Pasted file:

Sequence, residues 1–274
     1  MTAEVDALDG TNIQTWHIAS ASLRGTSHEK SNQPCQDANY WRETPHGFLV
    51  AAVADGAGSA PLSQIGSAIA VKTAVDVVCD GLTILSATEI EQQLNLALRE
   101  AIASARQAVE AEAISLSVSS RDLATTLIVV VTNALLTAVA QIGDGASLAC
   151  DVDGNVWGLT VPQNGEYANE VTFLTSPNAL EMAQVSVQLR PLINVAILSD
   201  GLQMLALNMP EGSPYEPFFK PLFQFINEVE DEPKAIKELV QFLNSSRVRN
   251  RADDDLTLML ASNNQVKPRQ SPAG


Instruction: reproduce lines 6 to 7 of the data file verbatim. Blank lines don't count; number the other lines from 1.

   201  GLQMLALNMP EGSPYEPFFK PLFQFINEVE DEPKAIKELV QFLNSSRVRN
   251  RADDDLTLML ASNNQVKPRQ SPAG